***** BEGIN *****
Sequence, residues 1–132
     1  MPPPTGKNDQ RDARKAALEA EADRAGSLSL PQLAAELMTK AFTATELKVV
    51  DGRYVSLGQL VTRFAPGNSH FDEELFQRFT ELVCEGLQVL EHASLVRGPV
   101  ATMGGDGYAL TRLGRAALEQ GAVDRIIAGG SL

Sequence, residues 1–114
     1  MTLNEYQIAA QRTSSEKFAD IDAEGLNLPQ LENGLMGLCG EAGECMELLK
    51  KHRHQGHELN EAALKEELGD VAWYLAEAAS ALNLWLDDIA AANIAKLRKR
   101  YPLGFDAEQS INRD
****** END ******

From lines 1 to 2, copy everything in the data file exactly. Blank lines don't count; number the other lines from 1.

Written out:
Sequence, residues 1–132
     1  MPPPTGKNDQ RDARKAALEA EADRAGSLSL PQLAAELMTK AFTATELKVV